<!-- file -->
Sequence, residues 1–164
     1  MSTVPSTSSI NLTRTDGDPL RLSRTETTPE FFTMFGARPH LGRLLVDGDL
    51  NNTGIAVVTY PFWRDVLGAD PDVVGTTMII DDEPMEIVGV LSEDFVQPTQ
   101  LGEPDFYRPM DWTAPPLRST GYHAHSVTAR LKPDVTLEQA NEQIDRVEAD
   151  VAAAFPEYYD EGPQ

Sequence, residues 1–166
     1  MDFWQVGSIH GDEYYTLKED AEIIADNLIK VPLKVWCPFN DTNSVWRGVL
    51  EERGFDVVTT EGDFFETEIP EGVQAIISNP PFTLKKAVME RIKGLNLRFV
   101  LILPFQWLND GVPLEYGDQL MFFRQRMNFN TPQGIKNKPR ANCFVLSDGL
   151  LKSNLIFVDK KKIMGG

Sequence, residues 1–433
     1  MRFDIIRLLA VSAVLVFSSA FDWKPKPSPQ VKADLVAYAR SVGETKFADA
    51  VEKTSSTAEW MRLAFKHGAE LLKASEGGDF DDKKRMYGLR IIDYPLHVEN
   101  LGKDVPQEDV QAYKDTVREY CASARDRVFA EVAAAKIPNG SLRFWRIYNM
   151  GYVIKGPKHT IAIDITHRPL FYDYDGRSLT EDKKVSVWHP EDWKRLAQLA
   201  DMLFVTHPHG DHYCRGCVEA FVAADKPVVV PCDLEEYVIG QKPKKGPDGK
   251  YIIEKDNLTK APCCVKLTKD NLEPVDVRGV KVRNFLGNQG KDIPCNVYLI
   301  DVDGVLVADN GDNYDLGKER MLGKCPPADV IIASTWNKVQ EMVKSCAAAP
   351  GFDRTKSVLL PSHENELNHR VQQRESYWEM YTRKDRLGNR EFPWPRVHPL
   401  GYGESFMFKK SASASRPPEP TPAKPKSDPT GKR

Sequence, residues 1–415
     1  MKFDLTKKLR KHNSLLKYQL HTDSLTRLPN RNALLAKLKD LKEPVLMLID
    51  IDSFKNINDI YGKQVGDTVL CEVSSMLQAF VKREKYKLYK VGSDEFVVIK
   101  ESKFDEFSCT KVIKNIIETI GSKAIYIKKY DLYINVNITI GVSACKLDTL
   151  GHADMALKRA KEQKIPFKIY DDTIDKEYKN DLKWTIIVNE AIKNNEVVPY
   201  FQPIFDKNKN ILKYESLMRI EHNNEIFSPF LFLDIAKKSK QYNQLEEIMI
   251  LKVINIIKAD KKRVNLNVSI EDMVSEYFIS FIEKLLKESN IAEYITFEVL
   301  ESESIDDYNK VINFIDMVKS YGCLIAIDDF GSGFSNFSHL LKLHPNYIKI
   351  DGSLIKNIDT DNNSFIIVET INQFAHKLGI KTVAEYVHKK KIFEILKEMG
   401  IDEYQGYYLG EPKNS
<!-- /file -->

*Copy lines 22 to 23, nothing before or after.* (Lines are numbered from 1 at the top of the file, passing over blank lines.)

     1  MKFDLTKKLR KHNSLLKYQL HTDSLTRLPN RNALLAKLKD LKEPVLMLID
    51  IDSFKNINDI YGKQVGDTVL CEVSSMLQAF VKREKYKLYK VGSDEFVVIK